Photo Credit: James Baigrie/Getty Images
There's something fishy about an ingredient in the bread served at many fast-food chains in the U.S. It's called Azodicarbonamide, and it's in Subway loaves, Starbucks croissants, and other fast-food breads many of us eat daily or weekly -- but it's banned in countries worldwide. U.K. officials say it causes asthma; Singapore fines nearly a half million dollars for using it. In the U.S.? It's perfectly legal.
The substance has stirred up controversy before, and it's once again generating attention -- not to mention questions about why we're still being fed this stuff, and why the Food and Drug Administration hasn't banned it. Food Babe is running a story and video about the issue this week:
FoodBabe reports that the FDA allows food companies to use the stuff to bleach flour and condition dough; the agency gives the substance the rating of "generally regarded as safe." But consider this: When a truck carrying the stuff overturned in Chicago, the highest hazardous materials alert was issued, and people within a half mile were evacuated. Many complained of symptoms like irritated skin and burning eyes. The FDA has insisted that it takes the necessary protections to guard the U.S. food supply -- but we're left wondering who else the agency may be guarding (food companies with well-paid lobbyists, perhaps?)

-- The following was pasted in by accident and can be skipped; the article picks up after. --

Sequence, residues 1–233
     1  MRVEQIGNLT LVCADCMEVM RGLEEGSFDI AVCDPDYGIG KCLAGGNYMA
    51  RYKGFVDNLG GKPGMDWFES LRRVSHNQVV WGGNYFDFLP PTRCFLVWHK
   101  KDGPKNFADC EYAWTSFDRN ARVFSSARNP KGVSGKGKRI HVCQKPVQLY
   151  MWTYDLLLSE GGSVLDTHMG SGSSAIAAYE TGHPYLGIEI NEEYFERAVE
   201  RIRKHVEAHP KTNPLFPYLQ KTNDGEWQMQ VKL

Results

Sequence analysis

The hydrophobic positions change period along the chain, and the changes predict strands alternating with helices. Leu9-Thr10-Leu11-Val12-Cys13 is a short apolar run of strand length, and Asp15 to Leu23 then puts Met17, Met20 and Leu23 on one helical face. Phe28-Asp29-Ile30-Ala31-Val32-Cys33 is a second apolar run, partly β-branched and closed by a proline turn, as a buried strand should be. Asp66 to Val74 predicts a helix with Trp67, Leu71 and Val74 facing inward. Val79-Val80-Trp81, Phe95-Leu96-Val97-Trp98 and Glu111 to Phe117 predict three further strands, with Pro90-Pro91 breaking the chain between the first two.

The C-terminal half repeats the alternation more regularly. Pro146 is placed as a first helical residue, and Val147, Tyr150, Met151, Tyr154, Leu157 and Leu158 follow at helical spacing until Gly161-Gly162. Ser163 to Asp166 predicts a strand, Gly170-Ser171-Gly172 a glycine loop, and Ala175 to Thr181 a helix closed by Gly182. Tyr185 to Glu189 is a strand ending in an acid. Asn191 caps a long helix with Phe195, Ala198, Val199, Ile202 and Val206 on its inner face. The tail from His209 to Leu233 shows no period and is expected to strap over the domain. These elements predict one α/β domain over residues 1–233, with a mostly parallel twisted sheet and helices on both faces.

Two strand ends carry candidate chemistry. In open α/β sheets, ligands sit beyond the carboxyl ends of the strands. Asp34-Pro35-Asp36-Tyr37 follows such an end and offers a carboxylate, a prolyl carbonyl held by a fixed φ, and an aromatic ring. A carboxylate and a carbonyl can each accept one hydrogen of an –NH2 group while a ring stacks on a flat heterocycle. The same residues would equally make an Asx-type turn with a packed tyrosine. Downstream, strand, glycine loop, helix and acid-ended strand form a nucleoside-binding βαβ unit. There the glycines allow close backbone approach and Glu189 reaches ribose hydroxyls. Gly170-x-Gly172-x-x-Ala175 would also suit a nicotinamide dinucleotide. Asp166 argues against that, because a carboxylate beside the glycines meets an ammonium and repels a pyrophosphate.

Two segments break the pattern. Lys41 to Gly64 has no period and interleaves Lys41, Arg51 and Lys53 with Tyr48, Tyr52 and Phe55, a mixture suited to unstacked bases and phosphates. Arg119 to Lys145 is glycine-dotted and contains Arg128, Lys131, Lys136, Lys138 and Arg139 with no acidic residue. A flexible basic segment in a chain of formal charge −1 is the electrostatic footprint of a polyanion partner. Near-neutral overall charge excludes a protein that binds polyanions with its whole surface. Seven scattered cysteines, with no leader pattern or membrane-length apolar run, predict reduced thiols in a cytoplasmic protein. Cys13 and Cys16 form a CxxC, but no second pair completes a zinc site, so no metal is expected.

Yes, there has been some fear-mongering when it comes to certain food scares -- along with often-confusing rebuttals and counter-rebuttals, which iVillage has been tracking. Sometimes the claims are overblown, and sometimes the substance in question is kinda icky but not actually dangerous at all. (See: bugs used to make red food dye.) So we're wondering how'll you react to this controversy.
Let us know what you think: Will you avoid fast-food breads, or call on the FDA to ban Azodicarbonamide and other substances of its ilk-- or just shrug off the news and carry on?